The economist David Autor showed that 60% of the jobs that we worked in 2018 didn’t exist in 1940. Our professional lives are not static. Most data suggest that entire roles won’t be replaced, only certain functions. So instead of entire jobs being scrapped, it seems that we’ll integrate AI into our current roles instead–removing the mundane tasks that can be easily automated.

Humans like humans.

You know when you were younger, and you’d hear your parents scream “representative” when they were on hold? And you promised yourself you would never be like that? Well, you probably are like that now. Don’t worry, we all are.

Humans like humans. AI, at least for the foreseeable future, lacks the nuance necessary to fully cope with an exceptionally emotional world. There are undeniable usages of AI to streamline your workday. And you should learn how to utilize them to responsibly boost your workflow. But, always remember to prioritize people. Think about those frustrating experiences with automated customer service or the helpless feeling when the self-checkout light flashes without assistance. In more serious cases, consider the presence of latent biases in automatic resume-reading algorithms. Sometimes, automation simply isn't the solution. There, I said it.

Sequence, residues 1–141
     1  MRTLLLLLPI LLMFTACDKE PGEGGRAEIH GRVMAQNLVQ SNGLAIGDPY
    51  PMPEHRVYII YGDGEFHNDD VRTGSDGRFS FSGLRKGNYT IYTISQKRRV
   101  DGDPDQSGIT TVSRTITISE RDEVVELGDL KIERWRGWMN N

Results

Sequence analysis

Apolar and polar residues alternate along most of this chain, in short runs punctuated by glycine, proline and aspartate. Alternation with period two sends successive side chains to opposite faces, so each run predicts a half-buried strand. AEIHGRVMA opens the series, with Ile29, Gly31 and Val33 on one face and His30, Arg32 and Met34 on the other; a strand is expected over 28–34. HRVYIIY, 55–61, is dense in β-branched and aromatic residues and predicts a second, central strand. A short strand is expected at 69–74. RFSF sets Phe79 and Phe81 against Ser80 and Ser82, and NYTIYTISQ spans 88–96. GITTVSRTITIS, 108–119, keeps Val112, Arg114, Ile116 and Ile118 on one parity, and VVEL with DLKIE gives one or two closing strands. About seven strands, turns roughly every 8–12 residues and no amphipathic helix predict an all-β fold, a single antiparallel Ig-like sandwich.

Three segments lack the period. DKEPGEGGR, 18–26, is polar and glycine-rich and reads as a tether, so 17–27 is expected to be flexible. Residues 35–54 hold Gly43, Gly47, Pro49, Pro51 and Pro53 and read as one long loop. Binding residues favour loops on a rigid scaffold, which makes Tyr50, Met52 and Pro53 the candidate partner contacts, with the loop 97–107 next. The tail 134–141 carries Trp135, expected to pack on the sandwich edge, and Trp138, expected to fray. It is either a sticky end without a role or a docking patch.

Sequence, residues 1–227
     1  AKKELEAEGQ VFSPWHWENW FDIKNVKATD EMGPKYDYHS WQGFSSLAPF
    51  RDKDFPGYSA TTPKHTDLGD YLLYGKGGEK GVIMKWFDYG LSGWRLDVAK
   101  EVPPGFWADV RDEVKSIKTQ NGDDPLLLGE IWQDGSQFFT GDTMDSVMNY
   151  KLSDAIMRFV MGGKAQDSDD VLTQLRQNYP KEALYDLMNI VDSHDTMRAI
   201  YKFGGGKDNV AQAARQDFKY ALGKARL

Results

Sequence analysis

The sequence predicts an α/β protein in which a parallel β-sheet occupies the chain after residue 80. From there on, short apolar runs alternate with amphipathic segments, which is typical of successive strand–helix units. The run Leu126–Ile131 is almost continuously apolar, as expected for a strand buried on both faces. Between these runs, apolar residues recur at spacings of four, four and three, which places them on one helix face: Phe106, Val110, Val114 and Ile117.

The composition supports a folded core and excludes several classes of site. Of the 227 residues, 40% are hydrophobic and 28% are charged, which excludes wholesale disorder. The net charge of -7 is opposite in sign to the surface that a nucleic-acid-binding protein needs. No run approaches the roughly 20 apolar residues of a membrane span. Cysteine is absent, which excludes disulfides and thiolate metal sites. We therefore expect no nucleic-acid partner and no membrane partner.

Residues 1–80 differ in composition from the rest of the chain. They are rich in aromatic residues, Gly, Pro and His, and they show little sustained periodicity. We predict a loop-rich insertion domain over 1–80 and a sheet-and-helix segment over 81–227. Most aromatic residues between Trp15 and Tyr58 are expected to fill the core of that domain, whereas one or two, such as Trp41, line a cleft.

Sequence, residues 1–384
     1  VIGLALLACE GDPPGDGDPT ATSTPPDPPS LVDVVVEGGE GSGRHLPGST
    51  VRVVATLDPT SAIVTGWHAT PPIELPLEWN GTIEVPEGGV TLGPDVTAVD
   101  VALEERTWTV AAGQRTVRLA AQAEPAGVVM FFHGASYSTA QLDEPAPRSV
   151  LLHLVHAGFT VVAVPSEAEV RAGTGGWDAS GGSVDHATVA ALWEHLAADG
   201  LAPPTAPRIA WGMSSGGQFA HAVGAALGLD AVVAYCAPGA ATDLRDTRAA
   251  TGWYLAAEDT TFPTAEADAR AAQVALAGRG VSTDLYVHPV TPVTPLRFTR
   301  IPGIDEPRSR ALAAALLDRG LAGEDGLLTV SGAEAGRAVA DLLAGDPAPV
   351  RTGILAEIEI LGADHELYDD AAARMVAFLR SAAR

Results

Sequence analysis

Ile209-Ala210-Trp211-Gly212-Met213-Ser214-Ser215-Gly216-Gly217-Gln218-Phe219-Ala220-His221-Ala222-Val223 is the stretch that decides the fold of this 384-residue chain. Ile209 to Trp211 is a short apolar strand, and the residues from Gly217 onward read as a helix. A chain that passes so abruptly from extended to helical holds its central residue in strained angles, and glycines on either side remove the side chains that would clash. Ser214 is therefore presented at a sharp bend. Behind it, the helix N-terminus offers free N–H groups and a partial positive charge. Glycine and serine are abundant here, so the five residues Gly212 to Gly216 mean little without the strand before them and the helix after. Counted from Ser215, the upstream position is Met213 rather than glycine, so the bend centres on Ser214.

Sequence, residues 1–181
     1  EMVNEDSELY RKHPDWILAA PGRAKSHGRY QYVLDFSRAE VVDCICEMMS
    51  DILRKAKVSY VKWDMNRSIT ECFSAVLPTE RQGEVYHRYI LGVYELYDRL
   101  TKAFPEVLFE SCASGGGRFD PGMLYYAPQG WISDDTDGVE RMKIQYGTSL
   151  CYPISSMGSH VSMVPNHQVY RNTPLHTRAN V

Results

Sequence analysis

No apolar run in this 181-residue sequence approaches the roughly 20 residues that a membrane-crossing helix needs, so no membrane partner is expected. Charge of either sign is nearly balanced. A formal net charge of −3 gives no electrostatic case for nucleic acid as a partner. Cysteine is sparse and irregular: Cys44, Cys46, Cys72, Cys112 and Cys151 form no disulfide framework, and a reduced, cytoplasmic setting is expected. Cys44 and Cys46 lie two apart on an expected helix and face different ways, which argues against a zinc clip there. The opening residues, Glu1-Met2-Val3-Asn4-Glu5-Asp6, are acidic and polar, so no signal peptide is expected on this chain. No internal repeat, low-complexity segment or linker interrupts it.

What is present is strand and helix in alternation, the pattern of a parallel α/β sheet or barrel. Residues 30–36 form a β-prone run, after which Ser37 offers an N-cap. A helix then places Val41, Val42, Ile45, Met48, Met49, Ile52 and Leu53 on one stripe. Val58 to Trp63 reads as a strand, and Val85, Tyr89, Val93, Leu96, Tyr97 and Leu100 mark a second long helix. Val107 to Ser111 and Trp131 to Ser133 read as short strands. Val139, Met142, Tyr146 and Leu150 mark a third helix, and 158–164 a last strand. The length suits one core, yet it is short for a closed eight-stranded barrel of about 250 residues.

The cat is already out of the bag.

The idea of working purely out of boredom, as our old economist friend, John Maynard Keynes prophesied, is far from our reality today. He did also say, "It is better to be roughly right than precisely wrong," so he did kind of cover his bases there. A lot of confidence, that guy!

Though, he was right about at least one thing: adaptability, agility, and invention are at the core of growth. He wrote, “The difficulty lies not so much in developing new ideas as in escaping from old ones."

We can’t stop what has already begun. But we can stay vigilant in ensuring AI’s responsible use. We can create open discussions with our teams and organizations. And we can stay calm in an oftentimes panicked technological environment.


This fear of technological revolution is not always unfounded, and it is certainly not new. AI will replace some roles, but it will create a bunch more. Most evidence suggests that instead of tossing out entire jobs, we'll be using AI to tackle the boring stuff. Yep, those mind-numbing tasks can easily be automated. We get to keep our jobs, but with AI swooping in to handle the mundane, we can focus on the juicier, more meaningful parts of our work.

And even if we are predestined to live harmoniously with our technological creations, human problem-solving, creativity, and humor will always guide us. I mean, haven’t they always?

The things that make us human will always be just that. Human.

We’ll be okay.

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Content Writer
Benjamin is fascinated by the intersection between artificial intelligence and the Future of Work. Ben is always researching AI advancements, professional development, and evolving workplace landscapes.